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4 April 2014, Gateway House

South China Sea: a new war brewing

China is reportedly taking advantage of the situation in Ukraine to further its claims in the South China Sea. Its aggressive stance has pushed the Philippines to approach The Hague for arbitration. There are concerns that the tensions could lead to a breakdown of trade routes in the Western Pacific

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While the western powers struggle to reverse Russia’s purported annexation of Crimea in (post-revolutionary) Ukraine, many in East Asia, in turn, are concerned by China’s increasingly aggressive efforts at securing disputed features in the South China Sea.

With the Obama administration and its European partners embroiled in a herculean effort to hammer out calibrated economic sanctions against Russia, China has rejected any efforts to isolate Moscow on the Ukraine issue, choosing to focus on its own “historical” claims in the Western Pacific. And there are growing indications that Beijing is willing to go the distance to assert its newfound geopolitical confidence in the region.

During the recently held annual session of the National People’s Congress (NPC), China’s parliamentary body, the top leadership expressed its commitment to further raise its defence budget by 12.2% – with a particular focus on naval capabilities. Domestically, the Communist Party’s support for an increasingly powerful military resonates with much of the population, as popular nationalism becomes the pre-eminent unifying force in China.

Externally, China’s investment in naval capabilities allows it to project hard power beyond its immediate borders, making it not just an economic powerhouse, but also a legitimate geopolitical force on the global stage. It also enables Beijing to exert influence on the flow of precious commodities and hydrocarbon products across the Sea Lines of Communication (SLOC) in the Indian and Pacific oceans–a crucial element in its energy security policy. Above all, China’s enhanced blue-water naval capability portends a systematic effort at challenging the U.S.’s domination of Beijing’s adjacent waters.

But China’s clamor for respect and recognition, its drive for achieving maximum energy security, and the Communist Party’s increased accommodation of nationalistic sentiments, have come at the expense of neighbouring countries. And there are growing fears that China’s territorial maneuvering could ignite a devastating conflict in the Western Pacific, which is an artery of global trade.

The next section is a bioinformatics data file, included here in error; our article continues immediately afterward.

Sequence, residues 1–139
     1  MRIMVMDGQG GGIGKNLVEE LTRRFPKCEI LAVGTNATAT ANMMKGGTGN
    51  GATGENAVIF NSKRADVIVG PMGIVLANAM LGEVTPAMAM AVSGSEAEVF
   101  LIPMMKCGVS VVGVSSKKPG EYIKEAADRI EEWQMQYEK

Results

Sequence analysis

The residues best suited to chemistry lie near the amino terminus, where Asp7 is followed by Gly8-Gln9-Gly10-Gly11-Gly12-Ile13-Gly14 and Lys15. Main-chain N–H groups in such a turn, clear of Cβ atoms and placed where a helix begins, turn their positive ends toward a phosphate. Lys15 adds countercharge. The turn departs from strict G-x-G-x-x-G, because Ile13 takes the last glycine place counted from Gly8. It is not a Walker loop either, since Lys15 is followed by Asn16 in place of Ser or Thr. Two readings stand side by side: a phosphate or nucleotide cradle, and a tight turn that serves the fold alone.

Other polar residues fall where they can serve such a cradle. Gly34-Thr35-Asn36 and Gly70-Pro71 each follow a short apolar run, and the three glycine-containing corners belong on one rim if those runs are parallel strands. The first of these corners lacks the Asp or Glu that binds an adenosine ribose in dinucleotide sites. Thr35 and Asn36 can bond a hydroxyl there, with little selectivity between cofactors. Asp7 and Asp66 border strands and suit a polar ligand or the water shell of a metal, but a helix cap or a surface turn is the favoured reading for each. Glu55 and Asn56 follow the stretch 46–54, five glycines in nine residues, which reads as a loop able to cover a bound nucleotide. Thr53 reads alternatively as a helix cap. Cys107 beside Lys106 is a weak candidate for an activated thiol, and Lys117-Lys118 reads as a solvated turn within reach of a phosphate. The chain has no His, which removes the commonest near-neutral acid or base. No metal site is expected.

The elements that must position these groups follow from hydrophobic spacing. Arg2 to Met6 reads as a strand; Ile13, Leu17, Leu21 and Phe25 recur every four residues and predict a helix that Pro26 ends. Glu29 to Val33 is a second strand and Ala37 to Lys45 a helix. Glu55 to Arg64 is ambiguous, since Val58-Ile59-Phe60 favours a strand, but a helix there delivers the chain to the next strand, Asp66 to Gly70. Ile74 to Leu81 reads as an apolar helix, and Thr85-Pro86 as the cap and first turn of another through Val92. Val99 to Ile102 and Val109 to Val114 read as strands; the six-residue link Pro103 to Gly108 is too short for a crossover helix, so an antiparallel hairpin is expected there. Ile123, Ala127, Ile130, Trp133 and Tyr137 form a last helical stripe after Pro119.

China kicked off the year with a bang, introducing new maritime regulations that require foreign fishing-related vessels to secure the permission of local authorities before entering China’s claimed maritime jurisdiction.  There are growing reports that Beijing is contemplating an Air Defense Identification Zone (ADIZ) in the South China Sea.  China’s critics claim it is trying to consolidate its claims in the area by gradually imposing control on both maritime and aerial spaces.

In the second week of March, when the international attention was focused on the referendum in Crimea, China called on Manila to evacuate its troops from the Second Thomas Shoal, which is close to the hydrocarbon-rich areas off the coast of Palawan in the South China Sea. China reportedly imposed a naval blockade against the Philippine forces in the area, forcing a change in the status quo. Philippine forces had been occupying the Second Thomas Shoal since 1999 and before the signing of the 2002 Declaration on the Conduct of Parties in the South China Sea.

Back in mid-2012, the Philippines and China came close to an armed conflict over the Scarborough Shoal, a disputed territory in the South China Sea. It eventually lost the territory to China. The Philippines has approached a United Nations arbitration tribunal in The Hague and legally challenged China’s occupation of the Scarborough Shoal. Filipino officials claim that the Xi Jinping administration has repeatedly turned down requests by Philippine President Benigno Aquino to arrange high-level bilateral dialogues to discuss the issue.

China’s assertiveness seems to have provoked a counter-alliance in the region. In a departure from their earlier statements of qualified neutrality on the territorial disputes in the South China Sea, American officials, in recent months, have criticised China’s claims and promised to come to Manila’s rescue in the event of a conflict in the South China Sea.

Meanwhile, Japan, Vietnam, and the Philippines have engaged in a more institutionalised process of coordinating their positions in the Western Pacific, while there is growing hope that India – given its territorial anxieties towards China and its joint energy investments with Vietnam in the South China Sea – will pitch in once a new government takes charge after the elections.

Richard Javad Heydarian is a political science and international affairs lecturer at Ateneo De Manila University, and a policy advisor at the Philippine House of Representatives. 

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